Colin McQuistan DRR and Climate Change

Colin McQuistan is the Senior Advisor on Climate Change and Disaster Risk Reduction. He has worked extensively on issues related to poverty, inequality and unlimited growth on a finite planet. His main areas of interest are in systems approaches, the role of technology, complexity, resilience and the growing challenge of Climate Change. He has over 30 years professional experience in the UK and overseas, and spent 19 years living and working in the South East Asian region. This included six years with WWF working with the five host governments of the Greater Mekong Sub-region to coordinate a response to the challenge of climate change focused on the shared resources of the Mekong River. 

Colin is a co-chair of the U.K. Inter-agency Resilience Learning group; a diverse network coordinated by DFID and BOND made up of over 100 representatives of civil society, academia and the private sector to explore the challenge of resilient development. He is also a steering committee member of the Rockefeller Community of Practice on measuring resilience; a global network supporting the advancement of methods to measure resilience. He has also provided technical support to the WaterWindow - the flood component of the Global Resilience Partnership - as well as having been a technical reviewer of the Rockefeller Resilience Dividend Valuation Model.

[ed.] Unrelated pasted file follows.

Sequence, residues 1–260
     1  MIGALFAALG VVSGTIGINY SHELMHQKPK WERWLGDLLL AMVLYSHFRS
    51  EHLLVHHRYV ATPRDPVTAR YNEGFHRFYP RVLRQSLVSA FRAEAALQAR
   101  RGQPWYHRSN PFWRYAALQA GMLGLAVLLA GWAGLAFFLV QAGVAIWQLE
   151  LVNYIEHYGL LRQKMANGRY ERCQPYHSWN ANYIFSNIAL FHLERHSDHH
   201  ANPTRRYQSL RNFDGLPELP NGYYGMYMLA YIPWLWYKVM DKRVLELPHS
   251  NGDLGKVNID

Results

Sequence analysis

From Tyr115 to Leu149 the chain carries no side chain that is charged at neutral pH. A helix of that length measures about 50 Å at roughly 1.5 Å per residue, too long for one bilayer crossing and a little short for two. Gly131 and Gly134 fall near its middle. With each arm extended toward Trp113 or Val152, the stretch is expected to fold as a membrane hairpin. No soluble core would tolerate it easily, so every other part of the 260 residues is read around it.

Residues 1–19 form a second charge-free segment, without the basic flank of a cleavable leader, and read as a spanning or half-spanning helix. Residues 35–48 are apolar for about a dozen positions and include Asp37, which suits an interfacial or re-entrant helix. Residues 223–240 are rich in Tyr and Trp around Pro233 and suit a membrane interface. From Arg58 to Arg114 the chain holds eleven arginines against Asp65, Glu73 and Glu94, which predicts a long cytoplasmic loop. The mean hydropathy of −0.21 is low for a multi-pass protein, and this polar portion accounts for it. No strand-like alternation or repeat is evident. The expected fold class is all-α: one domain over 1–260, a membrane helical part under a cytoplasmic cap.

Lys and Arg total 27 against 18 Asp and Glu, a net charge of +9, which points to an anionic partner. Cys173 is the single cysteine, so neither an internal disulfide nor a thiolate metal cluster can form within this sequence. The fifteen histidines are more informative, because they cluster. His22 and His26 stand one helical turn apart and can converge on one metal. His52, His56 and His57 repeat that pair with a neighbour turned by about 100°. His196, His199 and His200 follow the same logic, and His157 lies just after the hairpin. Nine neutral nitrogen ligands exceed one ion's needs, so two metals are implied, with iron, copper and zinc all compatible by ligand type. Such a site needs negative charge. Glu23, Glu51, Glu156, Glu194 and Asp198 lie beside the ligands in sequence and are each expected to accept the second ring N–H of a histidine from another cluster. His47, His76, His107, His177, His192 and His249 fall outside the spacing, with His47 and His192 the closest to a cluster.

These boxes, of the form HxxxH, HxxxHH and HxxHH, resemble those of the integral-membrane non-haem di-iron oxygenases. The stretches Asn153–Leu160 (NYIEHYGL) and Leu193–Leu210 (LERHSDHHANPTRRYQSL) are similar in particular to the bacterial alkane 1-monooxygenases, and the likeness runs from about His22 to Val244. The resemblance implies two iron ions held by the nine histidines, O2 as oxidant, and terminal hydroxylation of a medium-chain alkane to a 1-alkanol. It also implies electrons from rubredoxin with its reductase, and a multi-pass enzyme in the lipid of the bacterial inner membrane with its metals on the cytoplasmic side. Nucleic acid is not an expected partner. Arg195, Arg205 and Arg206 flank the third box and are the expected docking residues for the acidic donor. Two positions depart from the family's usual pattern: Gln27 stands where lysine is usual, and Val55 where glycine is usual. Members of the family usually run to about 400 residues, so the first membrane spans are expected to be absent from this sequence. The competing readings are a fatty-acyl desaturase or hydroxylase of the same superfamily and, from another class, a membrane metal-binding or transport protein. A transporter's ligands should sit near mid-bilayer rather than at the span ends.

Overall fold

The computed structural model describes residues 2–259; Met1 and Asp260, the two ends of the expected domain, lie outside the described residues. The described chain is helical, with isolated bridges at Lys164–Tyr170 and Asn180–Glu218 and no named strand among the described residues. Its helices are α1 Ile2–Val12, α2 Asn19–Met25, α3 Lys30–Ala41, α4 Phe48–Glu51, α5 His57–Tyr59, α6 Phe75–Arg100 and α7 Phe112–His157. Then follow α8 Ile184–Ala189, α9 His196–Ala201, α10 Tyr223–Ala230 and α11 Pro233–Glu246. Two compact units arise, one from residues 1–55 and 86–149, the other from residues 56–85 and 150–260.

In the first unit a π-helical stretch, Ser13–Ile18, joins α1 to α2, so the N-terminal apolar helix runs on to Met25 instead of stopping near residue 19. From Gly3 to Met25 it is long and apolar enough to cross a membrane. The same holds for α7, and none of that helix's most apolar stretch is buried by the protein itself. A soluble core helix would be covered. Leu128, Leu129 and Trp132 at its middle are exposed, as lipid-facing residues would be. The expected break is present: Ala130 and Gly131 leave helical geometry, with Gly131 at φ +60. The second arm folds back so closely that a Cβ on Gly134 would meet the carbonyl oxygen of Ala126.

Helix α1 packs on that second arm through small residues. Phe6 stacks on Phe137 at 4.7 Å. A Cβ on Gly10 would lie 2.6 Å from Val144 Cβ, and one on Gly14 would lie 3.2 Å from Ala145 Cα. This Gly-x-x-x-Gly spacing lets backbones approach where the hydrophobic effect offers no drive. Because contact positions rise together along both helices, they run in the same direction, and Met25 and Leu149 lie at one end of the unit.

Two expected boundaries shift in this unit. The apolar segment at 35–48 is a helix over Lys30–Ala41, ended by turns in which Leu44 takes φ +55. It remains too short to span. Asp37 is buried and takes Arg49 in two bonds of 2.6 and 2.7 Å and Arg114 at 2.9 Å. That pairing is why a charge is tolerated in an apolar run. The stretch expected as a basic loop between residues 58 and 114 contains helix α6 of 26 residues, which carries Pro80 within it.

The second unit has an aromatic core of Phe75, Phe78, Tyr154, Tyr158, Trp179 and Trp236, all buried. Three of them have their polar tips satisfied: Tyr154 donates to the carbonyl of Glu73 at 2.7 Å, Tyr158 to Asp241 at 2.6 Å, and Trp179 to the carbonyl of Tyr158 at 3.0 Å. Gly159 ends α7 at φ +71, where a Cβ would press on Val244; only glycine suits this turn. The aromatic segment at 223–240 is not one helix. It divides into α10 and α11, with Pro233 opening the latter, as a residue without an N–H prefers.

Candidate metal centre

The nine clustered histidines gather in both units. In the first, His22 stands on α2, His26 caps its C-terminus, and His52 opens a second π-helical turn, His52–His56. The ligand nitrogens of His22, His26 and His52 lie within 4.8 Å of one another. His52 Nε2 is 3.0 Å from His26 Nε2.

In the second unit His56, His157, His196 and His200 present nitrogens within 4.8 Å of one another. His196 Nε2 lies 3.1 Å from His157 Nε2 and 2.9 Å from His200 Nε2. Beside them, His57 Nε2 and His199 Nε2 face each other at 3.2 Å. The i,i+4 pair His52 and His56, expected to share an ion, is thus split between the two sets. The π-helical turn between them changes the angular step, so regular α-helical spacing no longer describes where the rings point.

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  • Technology for Development
    Why is technology justice central to international development? As history demonstrates, technology provides a catalyst for change. Practical Action has been working on flood Early Warning Systems (EWS) for over ten years and we have seen not only technology adoption taking place but also social change occurring. At the Technology for Development conference the focus is very much on the former, but in my active participation and interaction with the conference delegates I am interested to explore the latter. Looking […]
  • The Climate Damages Tax, an idea whose time has come!
    Pollution must be brought under control and mankind’s population and consumption of resources must be steered towards a permanent and sustainable equilibrium. E.F Schumacher, Small is Beautiful: Economics as if people mattered. According to the last global review[1] Natural Hazards resulted in 9,503 deaths, 96 million people being affected, and economic costs in excess of US$314 billion. Weather-related events were responsible for the majority of both human and economic losses. Almost 90% of the deaths in 2017 were due to climatological, […]
  • Women as a force to build resilience
    Many risk drivers are created by development choices at global or national levels, but all are manifested at the local level, so local people must be central to risk reduction practice. But it is important to recognise that in these communities it is the disabled, elderly, women and girls who are the most at risk. For example, women accounted for 61% of fatalities caused by Cyclone Nargis in Myanmar in 2008, 70-80% in the 2004 Indian Ocean tsunami and 91% […]
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